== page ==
The Bodywork of Learning to Teach: Toward a Somatic Framework for Teacher Education

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Learning to teach is a mimetic process of cultivating the postures, positions, gestures, expressions and complexions of pedagogical sensitivity to other beings. Sustaining this learning process is a kinesthetic register of consciousness, heightened through practices of breathing, balancing, timing and feeling, and a somaesthetic register of consciousness, nuanced through practices of energy, flow, vitality and synergy. In other words, learning to teach has primarily to do with the behaviors of being sensitive to children and youth in all their particularities. Such behaviors, while reducible conceptually to skills or competencies, can be understood phenomenologically as being constituted by a motional consciousness that is evidently kinetic and aesthetic and that is subtly kinesthetic and somaesthetic. This experiential stratum, this observable, felt and finessed sense of learning to teach, is examined in a pre-service program where the disposition of pedagogical sensitivity guides the learning of student teachers and those who mentor them. The bodywork of learning to teach is outlined as a set of practices, drawn loosely from the arts and humanities, and specifically from the somatic disciplines of physical mindfulness and intercorporeal consciousness. A particular case is made for incorporating analogous ‘agogic’ practices, as found for instance in ‘equine-guided education,’ in order to attend fully and bodily to the pedagogic practice of learning to teach children and youth.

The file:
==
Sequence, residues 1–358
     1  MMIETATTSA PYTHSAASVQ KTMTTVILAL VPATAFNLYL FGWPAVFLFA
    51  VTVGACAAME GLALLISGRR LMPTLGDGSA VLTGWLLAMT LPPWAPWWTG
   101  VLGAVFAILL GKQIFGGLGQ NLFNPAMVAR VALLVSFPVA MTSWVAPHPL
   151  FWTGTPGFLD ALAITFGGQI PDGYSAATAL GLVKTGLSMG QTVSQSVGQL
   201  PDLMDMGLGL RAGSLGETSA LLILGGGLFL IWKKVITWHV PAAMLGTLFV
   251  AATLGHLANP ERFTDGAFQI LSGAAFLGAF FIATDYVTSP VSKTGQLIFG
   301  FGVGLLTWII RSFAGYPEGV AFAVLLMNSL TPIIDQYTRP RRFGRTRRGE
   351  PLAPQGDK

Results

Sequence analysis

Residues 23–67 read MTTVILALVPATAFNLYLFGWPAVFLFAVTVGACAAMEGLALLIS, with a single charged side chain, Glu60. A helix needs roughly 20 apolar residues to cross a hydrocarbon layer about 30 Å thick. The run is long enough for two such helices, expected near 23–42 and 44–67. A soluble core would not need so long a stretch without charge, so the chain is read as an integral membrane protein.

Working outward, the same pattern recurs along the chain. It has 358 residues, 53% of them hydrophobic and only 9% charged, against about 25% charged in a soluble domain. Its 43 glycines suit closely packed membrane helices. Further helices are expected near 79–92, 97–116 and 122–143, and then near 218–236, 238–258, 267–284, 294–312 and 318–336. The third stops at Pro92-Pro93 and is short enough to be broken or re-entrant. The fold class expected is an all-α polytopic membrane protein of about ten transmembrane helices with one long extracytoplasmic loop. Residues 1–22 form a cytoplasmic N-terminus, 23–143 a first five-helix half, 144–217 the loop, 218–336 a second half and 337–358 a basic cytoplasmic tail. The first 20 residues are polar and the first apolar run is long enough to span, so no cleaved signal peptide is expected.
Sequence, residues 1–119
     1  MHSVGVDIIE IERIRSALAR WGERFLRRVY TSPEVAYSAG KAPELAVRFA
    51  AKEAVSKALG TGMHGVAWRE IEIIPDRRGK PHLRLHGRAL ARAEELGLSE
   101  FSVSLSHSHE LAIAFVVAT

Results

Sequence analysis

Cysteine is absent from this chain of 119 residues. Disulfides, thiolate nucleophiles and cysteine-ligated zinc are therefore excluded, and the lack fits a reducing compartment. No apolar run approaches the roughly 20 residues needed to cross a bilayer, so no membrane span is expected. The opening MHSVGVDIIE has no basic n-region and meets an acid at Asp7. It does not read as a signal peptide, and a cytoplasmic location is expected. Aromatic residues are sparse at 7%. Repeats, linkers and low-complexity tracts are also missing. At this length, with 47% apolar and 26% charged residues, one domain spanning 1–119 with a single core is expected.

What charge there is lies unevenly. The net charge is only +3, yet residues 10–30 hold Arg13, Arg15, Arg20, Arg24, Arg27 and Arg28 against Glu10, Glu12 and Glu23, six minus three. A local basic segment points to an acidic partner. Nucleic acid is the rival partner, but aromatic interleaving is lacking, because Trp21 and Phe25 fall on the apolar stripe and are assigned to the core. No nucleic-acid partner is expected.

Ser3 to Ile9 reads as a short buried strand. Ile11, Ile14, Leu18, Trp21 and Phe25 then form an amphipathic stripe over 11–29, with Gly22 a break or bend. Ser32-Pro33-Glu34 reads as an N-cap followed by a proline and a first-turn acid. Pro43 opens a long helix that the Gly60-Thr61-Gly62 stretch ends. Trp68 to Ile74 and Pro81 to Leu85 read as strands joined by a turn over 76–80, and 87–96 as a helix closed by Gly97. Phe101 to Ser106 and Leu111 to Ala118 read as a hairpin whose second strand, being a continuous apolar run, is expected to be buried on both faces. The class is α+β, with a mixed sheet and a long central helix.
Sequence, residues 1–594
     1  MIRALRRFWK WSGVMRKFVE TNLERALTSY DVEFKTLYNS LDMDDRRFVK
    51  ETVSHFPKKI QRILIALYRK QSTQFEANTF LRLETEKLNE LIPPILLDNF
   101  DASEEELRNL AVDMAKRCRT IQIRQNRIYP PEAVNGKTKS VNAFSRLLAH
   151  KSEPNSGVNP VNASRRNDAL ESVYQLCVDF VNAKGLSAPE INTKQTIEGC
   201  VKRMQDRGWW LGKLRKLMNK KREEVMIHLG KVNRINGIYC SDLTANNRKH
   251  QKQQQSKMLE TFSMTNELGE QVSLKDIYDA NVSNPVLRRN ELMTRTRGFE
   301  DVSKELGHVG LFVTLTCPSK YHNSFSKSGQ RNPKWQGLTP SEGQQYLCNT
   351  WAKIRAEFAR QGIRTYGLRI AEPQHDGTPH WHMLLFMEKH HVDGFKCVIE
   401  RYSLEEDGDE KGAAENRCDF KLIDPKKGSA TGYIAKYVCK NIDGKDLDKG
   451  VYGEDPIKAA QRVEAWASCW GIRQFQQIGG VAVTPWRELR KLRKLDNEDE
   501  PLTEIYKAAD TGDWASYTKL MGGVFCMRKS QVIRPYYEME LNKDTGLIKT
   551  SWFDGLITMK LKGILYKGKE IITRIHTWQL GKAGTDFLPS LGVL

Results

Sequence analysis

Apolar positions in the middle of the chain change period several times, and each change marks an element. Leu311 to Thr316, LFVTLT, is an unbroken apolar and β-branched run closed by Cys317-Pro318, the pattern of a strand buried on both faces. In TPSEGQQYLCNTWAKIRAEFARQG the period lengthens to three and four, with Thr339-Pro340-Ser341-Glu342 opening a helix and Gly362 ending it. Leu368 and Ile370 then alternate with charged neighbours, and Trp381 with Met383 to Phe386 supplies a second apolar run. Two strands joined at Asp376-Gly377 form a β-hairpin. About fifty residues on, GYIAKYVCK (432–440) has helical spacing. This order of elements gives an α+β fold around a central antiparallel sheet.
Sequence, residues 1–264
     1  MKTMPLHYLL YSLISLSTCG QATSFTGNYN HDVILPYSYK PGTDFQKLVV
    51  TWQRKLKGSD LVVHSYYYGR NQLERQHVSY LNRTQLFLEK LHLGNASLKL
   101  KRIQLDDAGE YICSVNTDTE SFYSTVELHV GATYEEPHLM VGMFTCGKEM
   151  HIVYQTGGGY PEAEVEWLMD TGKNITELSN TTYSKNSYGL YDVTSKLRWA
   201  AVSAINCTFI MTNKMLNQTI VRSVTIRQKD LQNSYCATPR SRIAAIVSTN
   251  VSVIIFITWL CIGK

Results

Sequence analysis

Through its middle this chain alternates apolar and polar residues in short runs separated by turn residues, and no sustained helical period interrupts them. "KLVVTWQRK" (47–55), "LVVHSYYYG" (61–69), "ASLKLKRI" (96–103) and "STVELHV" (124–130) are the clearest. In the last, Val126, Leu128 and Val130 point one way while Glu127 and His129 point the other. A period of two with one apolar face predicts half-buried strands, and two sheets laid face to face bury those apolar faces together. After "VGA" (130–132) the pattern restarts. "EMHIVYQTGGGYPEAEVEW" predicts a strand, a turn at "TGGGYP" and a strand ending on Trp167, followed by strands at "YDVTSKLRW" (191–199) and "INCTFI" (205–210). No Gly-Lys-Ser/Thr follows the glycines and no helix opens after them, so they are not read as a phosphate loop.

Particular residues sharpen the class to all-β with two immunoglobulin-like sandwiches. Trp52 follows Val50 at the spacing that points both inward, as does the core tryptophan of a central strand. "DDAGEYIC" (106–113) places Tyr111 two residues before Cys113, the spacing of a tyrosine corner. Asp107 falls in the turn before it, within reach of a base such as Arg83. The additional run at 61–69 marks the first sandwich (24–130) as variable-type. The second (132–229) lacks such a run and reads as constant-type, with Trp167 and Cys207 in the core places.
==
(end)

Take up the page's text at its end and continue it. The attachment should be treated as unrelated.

Keywords: Teacher Education, Pedagogy, Body Language, Phenomenology, Somatic Consciousness
Stream: Teacher Training and Professional Development
Presentation Type: Paper Presentation in English
Paper: A paper has not yet been submitted.

Dr. Stephen Smith

Associate Professor, Director of Professional Programs
Faculty of Education, Simon Fraser University

Burnaby, British Columbia, Canada

I am responsible for the administration of pre-service teacher education programs in the Faculty of Education at Simon Fraser University. These programs cover k-12 schooling, across all curriculum areas, and include French programming, Indigenous and First Nations programs, and international programs situated in China, Trinidad, Jamaica, and Mexico. My research has focused on children's experiences of play, pedagogical relations, the body language of teaching, and the components of health and wellness. Recent work addresses teaching dynamics beyond classroom instruction and with what Donna Haraway calls 'companion species.' 'Place-based education' and 'embodied pedagogy' are the recurring themes of my scholarly pursuits. These themes have been pursued phenomenologically and experientially through movement practices ranging from circus arts to horse riding.

Ref: L09P0699